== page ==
Sand Mandalas are the ancient form of Buddhist art. They are the temporary form of arts. The process of creating and then destroying the mandalas has a symbolic importance for monk practitioners.
In Tibet the sand mandala is called Kuktson Kyilkhor, meaning “mandala of colored sand powder.” In Sanskrit, it describes “cosmogram”, or “world in harmony.” According to Tibetan culture, wherever a Sand Mandala is created, all sentient beings and the surrounding environment are blessed.
There is outer, inner as well as the secret meaning of every mandala. On the outermost level they represent the world in its divine form; on the inner level, they represent a map with the help of which an ordinary human mind is transformed into an enlightened mind. On the secret level, they represent a perfect balance between body, mind and the soul. The creation of the sand painting is meant to purify and heal on all three levels. Unlike Painted mandalas, Sand mandalas are not permanent. They go into construction and destruction. Before the sand mandala is actually constructed, the place is prayed by monks who will make music, chant and recite prayers and mantras.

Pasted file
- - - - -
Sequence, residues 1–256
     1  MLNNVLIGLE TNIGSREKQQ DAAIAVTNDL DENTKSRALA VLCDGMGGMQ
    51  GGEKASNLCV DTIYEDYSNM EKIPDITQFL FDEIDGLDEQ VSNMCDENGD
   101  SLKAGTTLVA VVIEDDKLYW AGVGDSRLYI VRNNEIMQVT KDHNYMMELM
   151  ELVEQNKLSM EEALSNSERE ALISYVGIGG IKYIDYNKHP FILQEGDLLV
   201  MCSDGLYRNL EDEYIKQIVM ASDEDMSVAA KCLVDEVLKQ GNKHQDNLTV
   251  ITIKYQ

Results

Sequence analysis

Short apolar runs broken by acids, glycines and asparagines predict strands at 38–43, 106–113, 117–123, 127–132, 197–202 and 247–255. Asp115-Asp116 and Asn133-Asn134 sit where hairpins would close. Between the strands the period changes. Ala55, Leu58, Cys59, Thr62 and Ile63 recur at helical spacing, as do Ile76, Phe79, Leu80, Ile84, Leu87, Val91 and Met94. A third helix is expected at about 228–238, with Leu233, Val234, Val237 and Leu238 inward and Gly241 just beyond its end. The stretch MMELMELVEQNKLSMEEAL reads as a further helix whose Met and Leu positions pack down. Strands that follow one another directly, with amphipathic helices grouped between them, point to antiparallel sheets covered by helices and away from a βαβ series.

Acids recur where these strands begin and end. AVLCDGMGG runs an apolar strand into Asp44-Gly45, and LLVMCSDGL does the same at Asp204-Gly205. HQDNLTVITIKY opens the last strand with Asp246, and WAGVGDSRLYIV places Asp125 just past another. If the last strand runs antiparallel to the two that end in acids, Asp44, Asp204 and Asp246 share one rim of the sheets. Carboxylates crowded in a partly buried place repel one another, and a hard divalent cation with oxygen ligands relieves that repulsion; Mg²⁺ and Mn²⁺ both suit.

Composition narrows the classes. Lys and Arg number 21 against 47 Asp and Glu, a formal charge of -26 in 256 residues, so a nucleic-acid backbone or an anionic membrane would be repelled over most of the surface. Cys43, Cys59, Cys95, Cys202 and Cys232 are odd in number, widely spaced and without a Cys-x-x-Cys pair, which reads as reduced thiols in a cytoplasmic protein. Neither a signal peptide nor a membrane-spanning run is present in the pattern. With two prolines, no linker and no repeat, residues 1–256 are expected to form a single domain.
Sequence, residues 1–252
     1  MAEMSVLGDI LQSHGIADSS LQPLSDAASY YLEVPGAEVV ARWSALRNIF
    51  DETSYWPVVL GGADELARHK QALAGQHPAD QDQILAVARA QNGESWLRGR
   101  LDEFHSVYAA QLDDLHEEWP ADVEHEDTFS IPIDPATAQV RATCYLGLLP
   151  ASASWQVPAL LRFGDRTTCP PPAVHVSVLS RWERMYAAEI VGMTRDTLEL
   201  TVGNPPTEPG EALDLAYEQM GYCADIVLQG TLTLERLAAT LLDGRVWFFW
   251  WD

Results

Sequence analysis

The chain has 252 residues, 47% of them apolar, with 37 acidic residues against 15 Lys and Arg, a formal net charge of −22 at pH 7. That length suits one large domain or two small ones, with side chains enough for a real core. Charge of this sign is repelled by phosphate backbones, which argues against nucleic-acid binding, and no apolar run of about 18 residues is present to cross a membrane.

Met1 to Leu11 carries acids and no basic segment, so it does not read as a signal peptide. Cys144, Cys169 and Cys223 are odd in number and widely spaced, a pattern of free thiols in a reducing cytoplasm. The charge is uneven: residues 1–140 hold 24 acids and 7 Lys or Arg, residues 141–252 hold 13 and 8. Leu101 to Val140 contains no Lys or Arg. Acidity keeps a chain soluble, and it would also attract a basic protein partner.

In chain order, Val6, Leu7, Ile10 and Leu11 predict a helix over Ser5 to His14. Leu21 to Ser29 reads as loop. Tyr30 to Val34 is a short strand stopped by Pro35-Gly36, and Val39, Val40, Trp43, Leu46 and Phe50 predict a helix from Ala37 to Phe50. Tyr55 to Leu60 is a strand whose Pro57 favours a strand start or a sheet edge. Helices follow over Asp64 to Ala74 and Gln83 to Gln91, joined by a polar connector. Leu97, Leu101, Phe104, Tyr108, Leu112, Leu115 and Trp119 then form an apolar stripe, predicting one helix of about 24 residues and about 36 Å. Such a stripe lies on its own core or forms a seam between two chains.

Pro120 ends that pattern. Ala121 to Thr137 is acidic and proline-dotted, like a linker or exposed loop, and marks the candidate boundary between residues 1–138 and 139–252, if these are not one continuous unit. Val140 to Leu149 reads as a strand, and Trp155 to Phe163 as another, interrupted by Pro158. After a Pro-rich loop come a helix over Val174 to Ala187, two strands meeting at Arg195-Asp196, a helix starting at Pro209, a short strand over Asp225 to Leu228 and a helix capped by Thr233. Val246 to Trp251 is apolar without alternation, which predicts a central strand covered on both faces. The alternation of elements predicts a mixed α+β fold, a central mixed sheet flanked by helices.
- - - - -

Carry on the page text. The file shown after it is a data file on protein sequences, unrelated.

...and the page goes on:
Viewing 0 reply threads
You must be logged in to reply to this topic.
Nepal extends its lockdown - Deliveries are delayed due to limited Cargo services - Contact us for more info Dismiss